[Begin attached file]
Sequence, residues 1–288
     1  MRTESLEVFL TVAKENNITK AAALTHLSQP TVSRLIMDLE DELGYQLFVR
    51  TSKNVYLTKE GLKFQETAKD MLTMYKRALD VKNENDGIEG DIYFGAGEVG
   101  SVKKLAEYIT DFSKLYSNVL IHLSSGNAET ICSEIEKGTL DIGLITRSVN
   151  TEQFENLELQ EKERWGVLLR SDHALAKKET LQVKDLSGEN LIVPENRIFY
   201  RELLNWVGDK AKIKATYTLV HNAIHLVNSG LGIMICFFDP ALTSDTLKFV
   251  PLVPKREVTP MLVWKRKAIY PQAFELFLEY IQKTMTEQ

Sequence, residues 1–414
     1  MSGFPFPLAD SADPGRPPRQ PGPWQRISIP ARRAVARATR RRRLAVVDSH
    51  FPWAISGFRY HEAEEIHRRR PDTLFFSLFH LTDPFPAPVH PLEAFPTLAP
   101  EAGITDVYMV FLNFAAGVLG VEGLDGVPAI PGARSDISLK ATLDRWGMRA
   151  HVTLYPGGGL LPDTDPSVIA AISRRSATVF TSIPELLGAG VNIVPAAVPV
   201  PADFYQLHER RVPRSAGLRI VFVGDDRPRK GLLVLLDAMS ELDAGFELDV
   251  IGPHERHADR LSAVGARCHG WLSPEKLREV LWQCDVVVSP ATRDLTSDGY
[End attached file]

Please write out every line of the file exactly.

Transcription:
Sequence, residues 1–288
     1  MRTESLEVFL TVAKENNITK AAALTHLSQP TVSRLIMDLE DELGYQLFVR
    51  TSKNVYLTKE GLKFQETAKD MLTMYKRALD VKNENDGIEG DIYFGAGEVG
   101  SVKKLAEYIT DFSKLYSNVL IHLSSGNAET ICSEIEKGTL DIGLITRSVN
   151  TEQFENLELQ EKERWGVLLR SDHALAKKET LQVKDLSGEN LIVPENRIFY
   201  RELLNWVGDK AKIKATYTLV HNAIHLVNSG LGIMICFFDP ALTSDTLKFV
   251  PLVPKREVTP MLVWKRKAIY PQAFELFLEY IQKTMTEQ

Sequence, residues 1–414
     1  MSGFPFPLAD SADPGRPPRQ PGPWQRISIP ARRAVARATR RRRLAVVDSH
    51  FPWAISGFRY HEAEEIHRRR PDTLFFSLFH LTDPFPAPVH PLEAFPTLAP
   101  EAGITDVYMV FLNFAAGVLG VEGLDGVPAI PGARSDISLK ATLDRWGMRA
   151  HVTLYPGGGL LPDTDPSVIA AISRRSATVF TSIPELLGAG VNIVPAAVPV
   201  PADFYQLHER RVPRSAGLRI VFVGDDRPRK GLLVLLDAMS ELDAGFELDV
   251  IGPHERHADR LSAVGARCHG WLSPEKLREV LWQCDVVVSP ATRDLTSDGY